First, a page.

Despite campaign promises to increase state spending on colleges by “pursuing savings in the state’s prisons,” on Monday California’s new/old governor, Jerry Brown (right), released a budget that slashed funding for higher education.
According to an Associated Press article by Terence Chea in the San Jose Mercury-News:
The leaders of the University of California, California State University and California Community Colleges say the proposed $1.4 billion reduction in higher education spending could force them to raise tuition, turn away qualified students and take other draconian cost-cutting measures.
Under Brown’s proposal for the coming fiscal year, the 10-campus UC system and 23-campus CSU system would each lose $500 million in state funding. The state would cut funding to the state’s 112 community colleges by $400 million and raise student fees from $26 to $36 per unit to generate an additional $110 million. The proposed reductions come as the state’s colleges and universities seek to recover from unprecedented budget cuts less than two years ago that led to steep tuition hikes, faculty furloughs, enrollment cuts and rowdy campus protests.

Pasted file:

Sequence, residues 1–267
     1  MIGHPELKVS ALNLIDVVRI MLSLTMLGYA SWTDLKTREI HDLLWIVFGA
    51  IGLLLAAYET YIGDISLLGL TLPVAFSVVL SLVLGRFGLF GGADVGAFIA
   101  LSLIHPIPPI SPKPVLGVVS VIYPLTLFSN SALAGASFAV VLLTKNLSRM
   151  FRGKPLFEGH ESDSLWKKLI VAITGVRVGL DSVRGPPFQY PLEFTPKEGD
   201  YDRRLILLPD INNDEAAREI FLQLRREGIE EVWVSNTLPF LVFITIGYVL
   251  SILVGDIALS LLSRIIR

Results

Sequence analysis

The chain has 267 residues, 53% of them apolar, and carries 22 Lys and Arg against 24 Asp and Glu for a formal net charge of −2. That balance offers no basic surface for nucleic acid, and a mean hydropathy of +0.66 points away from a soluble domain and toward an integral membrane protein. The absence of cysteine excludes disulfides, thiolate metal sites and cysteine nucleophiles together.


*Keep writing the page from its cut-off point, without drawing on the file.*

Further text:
The leaders of all three systems said the cuts would force their institutions to reduce enrollment. “The magnitude of the budget reduction in one year will have serious impacts on the state’s economy, limit access for students seeking entrance into our universities, and restrict classes and services for our current students,” said Charles Reed, the chancellor of the SCU system.
Well duly noted, but higher education isn’t the only thing that’s going to suffer. Due to the severity of the recession, plus California’s over reliance on property taxes and constitutional near-inability to otherwise raise public funds, over the next year and a half California will have a $25.4 billion budget deficit. Everything’s getting cut. California’s K-12 school system is the only item in the budget that won’t get less state money.
Brown’s tough new budget (admittedly the actual budget will look different) is understandable. I can’t say I didn’t warn you that, despite Brown’s ambiguous promises to make the UC system great again, he wasn’t actually going to be able to make that happen.
The University of California’s Mark Yudof said the governor’s cuts would mean a 16.4 percent budget reduction at his institution. He would not rule out raising tuition again to address that funding gap. After a 32 percent increase in November, 2009, the in-state education fee at the University of California is now $9,402 a year.